Which more accurately reflects cold performance?

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2,352
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Southwest Virginia
Both are important, but I would put more weight on the MRV, especially in Montana winters. CCS relates to the ability of the oil pump to suck cold oil from the oil pan and push it along through the engine (higher shear rates). This creates a "hole" in the cold oil in the pan. MRV relates to the oils ability to flow back into the hole under its own weight (lower shear rate). If the oil cannot flow back into the hole the pump will suck air, sort of like sucking Jello through a straw - you create a hole that the Jello cannot refill. The ability of a cold oil to flow under its own weight is subject to a lot of chemical and physical variables. Personally I would have more faith in the ability of the oil pump to have spare pumping power than I would trust the oil to flow fast enough to fill the hole. Tom NJ
 
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744
Location
SW Missouri
CCS (Cold Cranking Simulator) viscosity and MRV (Mini Rotary Viscometer) viscosity measure different aspects of an oil's cold performance. According to the ASTM, "The CCS apparent viscosity of automotive engine oils correlates with low temperature engine cranking. CCS apparent viscosity is not suitable for predicting low temperature flow to the engine oil pump and oil distribution system." The MRV test measures the pumpability of oil. So, both tests measure aspects of cold temperature performance. IMHO, the MRV test is the more meaningful of the two. Of the two oils you mentioned, the Citgo oil will give much better cold weather performance. There is little difference between the CCS viscosities (6240 vs 6100). But Citgo's MRV of 16,900 is much lower (better) than the Purus MRV of 44,500. That's part of the reason why the Purus is cheaper.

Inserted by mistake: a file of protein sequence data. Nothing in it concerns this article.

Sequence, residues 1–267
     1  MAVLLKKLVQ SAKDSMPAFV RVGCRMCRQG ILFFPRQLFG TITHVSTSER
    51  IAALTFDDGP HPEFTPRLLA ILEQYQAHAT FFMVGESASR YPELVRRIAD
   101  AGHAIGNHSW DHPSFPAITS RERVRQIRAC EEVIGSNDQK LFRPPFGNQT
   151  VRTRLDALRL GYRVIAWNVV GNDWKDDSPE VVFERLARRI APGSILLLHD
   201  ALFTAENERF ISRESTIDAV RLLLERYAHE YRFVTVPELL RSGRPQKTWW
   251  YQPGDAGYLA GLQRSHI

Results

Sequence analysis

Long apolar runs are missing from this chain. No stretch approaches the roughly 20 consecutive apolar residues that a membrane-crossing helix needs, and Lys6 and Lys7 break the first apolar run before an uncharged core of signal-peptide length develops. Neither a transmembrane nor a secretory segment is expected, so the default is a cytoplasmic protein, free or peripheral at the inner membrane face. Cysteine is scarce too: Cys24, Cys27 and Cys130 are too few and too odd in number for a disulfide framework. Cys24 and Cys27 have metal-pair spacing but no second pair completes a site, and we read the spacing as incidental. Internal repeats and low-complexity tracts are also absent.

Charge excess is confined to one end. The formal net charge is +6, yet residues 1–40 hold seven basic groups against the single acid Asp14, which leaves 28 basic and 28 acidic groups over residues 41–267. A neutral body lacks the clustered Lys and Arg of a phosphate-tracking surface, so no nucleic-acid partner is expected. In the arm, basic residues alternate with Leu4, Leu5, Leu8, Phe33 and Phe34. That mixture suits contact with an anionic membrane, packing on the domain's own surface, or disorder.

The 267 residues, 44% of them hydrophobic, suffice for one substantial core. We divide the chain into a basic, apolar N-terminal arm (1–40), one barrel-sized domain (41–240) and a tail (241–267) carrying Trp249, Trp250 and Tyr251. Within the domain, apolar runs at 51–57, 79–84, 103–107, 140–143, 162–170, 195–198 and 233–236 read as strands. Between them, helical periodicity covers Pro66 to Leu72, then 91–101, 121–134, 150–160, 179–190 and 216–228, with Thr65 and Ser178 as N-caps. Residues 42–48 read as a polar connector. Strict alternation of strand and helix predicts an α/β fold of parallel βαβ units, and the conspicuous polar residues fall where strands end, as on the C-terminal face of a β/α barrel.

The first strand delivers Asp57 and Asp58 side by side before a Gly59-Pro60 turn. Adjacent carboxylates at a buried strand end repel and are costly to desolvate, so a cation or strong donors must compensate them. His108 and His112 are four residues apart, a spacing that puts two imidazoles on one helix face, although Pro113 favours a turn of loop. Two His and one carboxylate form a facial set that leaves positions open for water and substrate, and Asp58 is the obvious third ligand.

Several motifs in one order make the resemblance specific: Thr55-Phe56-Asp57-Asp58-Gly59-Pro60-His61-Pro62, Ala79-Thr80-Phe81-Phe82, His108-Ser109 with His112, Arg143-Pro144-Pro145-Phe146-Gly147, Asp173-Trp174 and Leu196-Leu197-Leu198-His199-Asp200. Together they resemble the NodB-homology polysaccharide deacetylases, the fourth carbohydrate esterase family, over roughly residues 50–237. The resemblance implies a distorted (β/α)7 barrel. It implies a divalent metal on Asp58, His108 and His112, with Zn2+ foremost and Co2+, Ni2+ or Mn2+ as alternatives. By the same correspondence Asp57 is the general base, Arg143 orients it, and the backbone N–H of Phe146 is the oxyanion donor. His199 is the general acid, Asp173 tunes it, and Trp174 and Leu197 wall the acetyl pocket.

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6,388
Location
Washington St.
So, at what temperature is it smart to put a heater on the oil pan as well as in the cooling jacket?...and maybe also on the battery. Very cold starting of an engine results in accelerated engine wear. Just because the engine will start is no sign that you are doing the best for longest (and most economical) engine life. I'm used to preheating all industrial engines for both the rapid start and best reliability, both short term and long term.
 
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744
Location
SW Missouri
Well, as has been discussed here many times, all motor oil is too viscous at all ambient temps, even 110F. That being the case, it wouldn't hurt to use an oil heater year-round.
 
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10,146
Location
Burlington, Ontario, Canada
-You haven't mentioned a what temperatures you will be actually starting your vehicle? -What is the vehicle and do you really need a 40wt oil? -Is the oil really that cheap; under 5 bucks per quart to warrant not going with a 0W-40 like M1 0W-40 (on sale) which has far superior cold temp performance?
 
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28,123
Location
Regina, Saskatchewan, Canada
Originally Posted By: Ken2
So, at what temperature is it smart to put a heater on the oil pan as well as in the cooling jacket?...and maybe also on the battery. Very cold starting of an engine results in accelerated engine wear.